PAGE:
Should you invest in property using an interest only or repayment mortgage?

The pros and cons of interest only mortgages for investment financing

Most property investors reap the benefits of leveraging in property investment by opting for an interest-only mortgage. But as the amount of mortgage interest tax relief that higher rate taxpayers can claim is reduced and interest rates rise, might you be better advised to invest with a repayment mortgage?

How does a repayment mortgage work?

There are three major parts to every mortgage deal:

  1. The capital borrowed
  2. The interest charged on the capital outstanding
  3. The fees charged (which are usually added to the mortgage capital borrowed)

For repayment mortgages, the lender works out the total amount borrowed and charged interest on it. With every payment you make, you also repay a slice of the capital outstanding.

Over time, the amount you owe reduces, as does the amount of interest you pay (providing the interest rate remains unchanged). This means that you repay more of the capital owed with every payment you make.

How does an interest-only mortgage work?

Instead of making payments off the capital outstanding, you only pay the interest over the term of the loan. This means that when the mortgage reaches maturity, you will still owe the amount of capital you originally borrowed.

Homeowners are more likely to finance their purchase with a repayment mortgage. They don’t want to be left in the perhaps difficult position of needing to sell their home to repay the capital borrowed. So why do investors tend to use interest-only mortgages?

5 reasons why property investors finance interest-only

There are several reasons why property investors use interest-only mortgages rather than repayment. The main ones are:

1.      Cash flow

By paying interest only, you maximise your cash flow. The mortgage payments are lower, and the cash ‘saved’ can be used for other purposes, such as saving towards the deposit for your next property investment.

2.      Flexibility

Some lenders will allow you to pay lump sums off the capital outstanding without penalty. This provides a lot of flexibility for investors. When cash flow is strongly positive, you can pay down some of the mortgage debt, and reduce your interest payments (thus increasing cash flow in the future). If cash flow is temporarily weaker (for example, because of an unexpected void period), you won’t have to make capital repayments.

3.      Capital growth will repay the mortgage

If you’re investing over the long term, then you would expect the value of the property to increase during your holding period. By the time the mortgage is due to be repaid in full, the value of the property should be more than enough to cover the capital borrowed and leave a sizeable profit should you decide to sell. Or you could remortgage if you intend to continue to hold the property.

4.      Tax relief

As an investor, you can claim tax relief on the mortgage interest you pay. While this is to be limited to the basic rate of tax by 2020, it is still a valuable tax advantage that is not available on any repayments of capital.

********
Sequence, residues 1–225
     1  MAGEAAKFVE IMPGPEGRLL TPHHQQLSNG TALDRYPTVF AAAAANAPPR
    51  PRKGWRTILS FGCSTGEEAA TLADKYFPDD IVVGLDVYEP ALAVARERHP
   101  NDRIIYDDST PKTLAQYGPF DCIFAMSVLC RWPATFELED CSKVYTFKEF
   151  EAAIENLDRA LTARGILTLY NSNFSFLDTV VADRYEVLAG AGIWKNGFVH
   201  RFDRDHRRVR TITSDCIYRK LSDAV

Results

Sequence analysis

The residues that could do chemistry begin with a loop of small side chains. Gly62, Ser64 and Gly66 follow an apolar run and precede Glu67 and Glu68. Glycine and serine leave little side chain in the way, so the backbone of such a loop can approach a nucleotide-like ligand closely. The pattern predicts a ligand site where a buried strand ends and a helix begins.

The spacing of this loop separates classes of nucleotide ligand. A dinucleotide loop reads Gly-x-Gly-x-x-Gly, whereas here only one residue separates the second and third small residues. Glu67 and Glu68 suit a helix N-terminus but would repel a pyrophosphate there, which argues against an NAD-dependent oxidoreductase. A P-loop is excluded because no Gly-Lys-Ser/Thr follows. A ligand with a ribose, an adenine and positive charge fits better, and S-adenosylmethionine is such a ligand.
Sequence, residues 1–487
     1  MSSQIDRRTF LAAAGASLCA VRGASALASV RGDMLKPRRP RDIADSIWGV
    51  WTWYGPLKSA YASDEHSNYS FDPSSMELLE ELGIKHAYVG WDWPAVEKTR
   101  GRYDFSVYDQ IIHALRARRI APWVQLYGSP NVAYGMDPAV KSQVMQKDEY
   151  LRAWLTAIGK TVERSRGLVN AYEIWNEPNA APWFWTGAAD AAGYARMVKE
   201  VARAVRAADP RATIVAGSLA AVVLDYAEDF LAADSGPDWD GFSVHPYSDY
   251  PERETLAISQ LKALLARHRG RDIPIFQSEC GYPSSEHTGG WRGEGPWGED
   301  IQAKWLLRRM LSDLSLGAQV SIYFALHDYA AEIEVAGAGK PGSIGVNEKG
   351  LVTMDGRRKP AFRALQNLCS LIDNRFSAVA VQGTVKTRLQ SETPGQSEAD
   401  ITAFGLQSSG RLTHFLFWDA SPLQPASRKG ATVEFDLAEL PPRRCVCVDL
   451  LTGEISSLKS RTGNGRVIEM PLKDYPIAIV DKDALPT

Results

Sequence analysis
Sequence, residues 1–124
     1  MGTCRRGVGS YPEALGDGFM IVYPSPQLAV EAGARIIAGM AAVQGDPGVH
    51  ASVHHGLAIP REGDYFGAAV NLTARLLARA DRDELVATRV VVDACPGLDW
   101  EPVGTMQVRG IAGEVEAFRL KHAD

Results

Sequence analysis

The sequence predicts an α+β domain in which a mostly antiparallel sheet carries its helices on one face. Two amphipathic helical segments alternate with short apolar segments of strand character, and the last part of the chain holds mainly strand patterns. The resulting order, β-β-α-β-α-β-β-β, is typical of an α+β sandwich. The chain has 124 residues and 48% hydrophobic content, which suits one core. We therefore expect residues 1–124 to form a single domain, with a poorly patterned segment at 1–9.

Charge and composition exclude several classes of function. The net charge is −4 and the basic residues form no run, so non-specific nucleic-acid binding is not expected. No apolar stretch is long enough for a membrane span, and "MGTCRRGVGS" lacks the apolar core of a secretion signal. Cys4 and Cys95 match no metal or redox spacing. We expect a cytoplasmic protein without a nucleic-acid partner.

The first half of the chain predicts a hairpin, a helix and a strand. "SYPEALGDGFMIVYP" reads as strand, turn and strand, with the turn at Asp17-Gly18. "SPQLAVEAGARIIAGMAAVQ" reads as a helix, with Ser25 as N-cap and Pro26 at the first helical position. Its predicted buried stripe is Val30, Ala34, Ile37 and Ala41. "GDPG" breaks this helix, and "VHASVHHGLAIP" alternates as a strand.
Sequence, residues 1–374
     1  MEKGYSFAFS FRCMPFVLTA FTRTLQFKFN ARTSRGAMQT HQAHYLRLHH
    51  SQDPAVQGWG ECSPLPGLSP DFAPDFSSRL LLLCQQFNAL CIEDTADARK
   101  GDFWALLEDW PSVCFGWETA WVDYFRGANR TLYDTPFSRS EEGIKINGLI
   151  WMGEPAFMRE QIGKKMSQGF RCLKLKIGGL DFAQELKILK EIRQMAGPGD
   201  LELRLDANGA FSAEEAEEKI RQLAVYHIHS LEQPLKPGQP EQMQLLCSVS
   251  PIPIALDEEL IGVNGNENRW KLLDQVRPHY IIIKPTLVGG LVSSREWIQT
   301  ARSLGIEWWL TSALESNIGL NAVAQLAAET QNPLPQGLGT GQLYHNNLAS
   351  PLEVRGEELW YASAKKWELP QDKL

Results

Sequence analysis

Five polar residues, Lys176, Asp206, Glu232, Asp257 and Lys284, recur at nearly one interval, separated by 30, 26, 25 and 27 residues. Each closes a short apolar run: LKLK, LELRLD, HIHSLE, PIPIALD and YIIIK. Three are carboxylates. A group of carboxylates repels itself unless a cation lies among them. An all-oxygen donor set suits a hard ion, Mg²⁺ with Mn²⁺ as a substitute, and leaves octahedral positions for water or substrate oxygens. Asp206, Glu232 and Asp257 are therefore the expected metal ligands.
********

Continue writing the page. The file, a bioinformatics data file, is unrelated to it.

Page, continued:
5.      You can invest in higher-priced property

As the repayments are lower, you can afford to invest in higher priced properties (providing, of course, you have the deposit to do so).

The disadvantages of an interest-only mortgage as investment financing

It would be wrong to consider interest-only mortgages without discussing the drawbacks for investors. These are:

·        Lower equity

As your property grows in value, the equity in it increases. However, because you haven’t repaid any of the capital borrowed, the equity in your investment property won’t increase as fast, nor by as much.

·        Greater risk of negative equity

If house prices fall, there is a greater risk of your property falling into negative equity. This said, with the deposit of 25% or more, you have a substantial cushion against this happening.

·        You may have to sell to repay the capital owed

If you reach the end of the mortgage term and cannot refinance or repay the capital out of other means, you may be forced to sell the property. If forced to sell, for this reason, you may need to accept a lower price than otherwise. In addition, a sale may create a capital gains tax liability. When added to the costs of selling (e.g. estate agency and lawyer’s fees), you could end up with much less than you anticipate.

Which is the best property investment strategy – interest only or repayment?

As you can see, when you finance your investment using an interest-only mortgage, your cash flow is much stronger. However, you will never repay the capital borrowed (unless allowed to make such repayments). At the end of the term, you will still owe what you borrowed.

With a repayment mortgage, your cash flow is lower; but, at the end of the mortgage term, you own the property outright.

Which financing option you choose will depend upon factors such as your personal circumstances, the strength of your portfolio, and your investment objectives (for example, do you want cash flow while you own the property, or a larger lump sum when you sell?).

The way to make sure you choose the best type of mortgage for your property investment is to talk with an experienced property investment consultant, and then benefit from using a buy-to-let mortgage broker to get the best mortgage deal.

For your free property investment consultation, and to discover which are the best places to invest in property UK, contact Gladfish on +44 207 923 6100

Live with passion

Brett Alegre-Wood

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